Hundreds of leads but no sign of a swift arrest

Police said yesterday that they were working on hundreds of leads and seeking 10 people for questioning over the murder of Anna Lindh, Sweden's Foreign Minister, but they admitted "no breakthrough" had been made.

The crime has shocked the nation and police are under pressure to solve the case quickly. The authorities will face acute criticism if they fail to make a swift arrest.

A police spokeswoman said they were investigating "known criminals and assailants, a group of about 10 ... there are a couple of special names we want to check".

The murder weapon has been found and two men who were questioned were later released. Thousands of pieces of information have been received since pictures of a man they want to question, taken from video surveillance footage, were given to the media.

A police spokesman said: "We would like to have even more help from the public with identifying this man in the picture. We are very anxious to find out his identity."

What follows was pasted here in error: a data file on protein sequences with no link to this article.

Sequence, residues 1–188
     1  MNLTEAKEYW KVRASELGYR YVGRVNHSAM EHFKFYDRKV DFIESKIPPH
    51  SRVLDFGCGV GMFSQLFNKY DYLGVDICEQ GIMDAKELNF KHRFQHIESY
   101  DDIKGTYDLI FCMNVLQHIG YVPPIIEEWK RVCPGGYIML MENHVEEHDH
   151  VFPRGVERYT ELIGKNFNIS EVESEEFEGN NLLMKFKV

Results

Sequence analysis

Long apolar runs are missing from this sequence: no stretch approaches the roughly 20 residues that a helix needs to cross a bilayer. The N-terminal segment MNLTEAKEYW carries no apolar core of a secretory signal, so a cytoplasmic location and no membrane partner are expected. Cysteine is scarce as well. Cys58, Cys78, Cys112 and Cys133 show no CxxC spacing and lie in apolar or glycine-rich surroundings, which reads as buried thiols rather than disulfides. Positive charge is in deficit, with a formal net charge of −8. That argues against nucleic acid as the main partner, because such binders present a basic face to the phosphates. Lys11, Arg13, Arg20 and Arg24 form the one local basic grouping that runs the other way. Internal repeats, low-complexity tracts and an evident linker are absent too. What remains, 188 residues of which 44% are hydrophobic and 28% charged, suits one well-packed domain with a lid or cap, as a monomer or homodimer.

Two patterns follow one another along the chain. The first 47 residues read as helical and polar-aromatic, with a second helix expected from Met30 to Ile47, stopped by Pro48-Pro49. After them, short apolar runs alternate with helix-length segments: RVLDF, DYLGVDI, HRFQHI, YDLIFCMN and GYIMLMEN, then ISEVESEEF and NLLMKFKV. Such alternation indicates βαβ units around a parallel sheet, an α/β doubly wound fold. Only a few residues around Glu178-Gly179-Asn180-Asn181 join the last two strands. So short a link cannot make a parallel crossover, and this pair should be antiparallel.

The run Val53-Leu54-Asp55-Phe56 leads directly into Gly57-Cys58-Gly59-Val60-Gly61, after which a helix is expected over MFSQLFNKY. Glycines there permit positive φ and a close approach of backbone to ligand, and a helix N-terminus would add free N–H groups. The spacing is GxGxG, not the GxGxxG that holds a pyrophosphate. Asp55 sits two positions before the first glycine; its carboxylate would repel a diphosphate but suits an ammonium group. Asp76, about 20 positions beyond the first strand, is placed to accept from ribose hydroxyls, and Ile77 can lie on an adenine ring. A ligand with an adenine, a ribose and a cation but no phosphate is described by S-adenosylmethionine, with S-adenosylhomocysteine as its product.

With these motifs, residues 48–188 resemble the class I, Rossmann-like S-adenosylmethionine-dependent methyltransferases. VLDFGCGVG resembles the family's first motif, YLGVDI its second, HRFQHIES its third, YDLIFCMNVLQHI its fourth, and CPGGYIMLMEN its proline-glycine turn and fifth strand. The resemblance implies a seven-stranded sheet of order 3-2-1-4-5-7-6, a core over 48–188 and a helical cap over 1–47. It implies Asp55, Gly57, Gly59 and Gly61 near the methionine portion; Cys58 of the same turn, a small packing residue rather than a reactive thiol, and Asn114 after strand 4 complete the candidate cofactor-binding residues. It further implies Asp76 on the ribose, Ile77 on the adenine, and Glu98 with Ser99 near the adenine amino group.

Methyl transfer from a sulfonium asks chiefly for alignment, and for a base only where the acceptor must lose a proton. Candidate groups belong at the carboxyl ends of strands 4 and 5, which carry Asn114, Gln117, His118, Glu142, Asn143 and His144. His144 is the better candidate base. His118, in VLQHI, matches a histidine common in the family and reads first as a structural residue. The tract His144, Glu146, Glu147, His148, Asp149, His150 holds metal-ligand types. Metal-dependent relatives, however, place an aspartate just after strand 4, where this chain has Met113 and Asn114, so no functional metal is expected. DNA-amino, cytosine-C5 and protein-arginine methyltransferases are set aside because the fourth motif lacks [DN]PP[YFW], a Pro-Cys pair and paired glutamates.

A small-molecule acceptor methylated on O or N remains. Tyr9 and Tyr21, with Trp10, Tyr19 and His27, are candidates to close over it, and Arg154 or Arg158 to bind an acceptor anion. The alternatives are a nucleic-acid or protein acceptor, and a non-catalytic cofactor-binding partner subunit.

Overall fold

The video pictures show a man wearing a blue baseball cap and a grey, hooded sweater with a Nike logo.

The cameras did not capture the attack itself, which took place last Wednesday on the first floor of the upmarket NK department store in central Stockholm. Ms Lindh died of her injuries the next day.

Police have said that the man pictured fits the descriptions given by witnesses, but have stopped short of calling him a suspect. Police think the assailant has a record of violent behaviour.

Although forensic science experts worked overnight at the scene of the crime, the shop was open for business the following day, surprising many.

Some shops near to the NK department store have told Swedish papers that the police have yet to ask them for footage from their security cameras.

The attack took place only 500 metres from where the prime minister Olof Palme was shot in February 1986. His murder remains unsolved.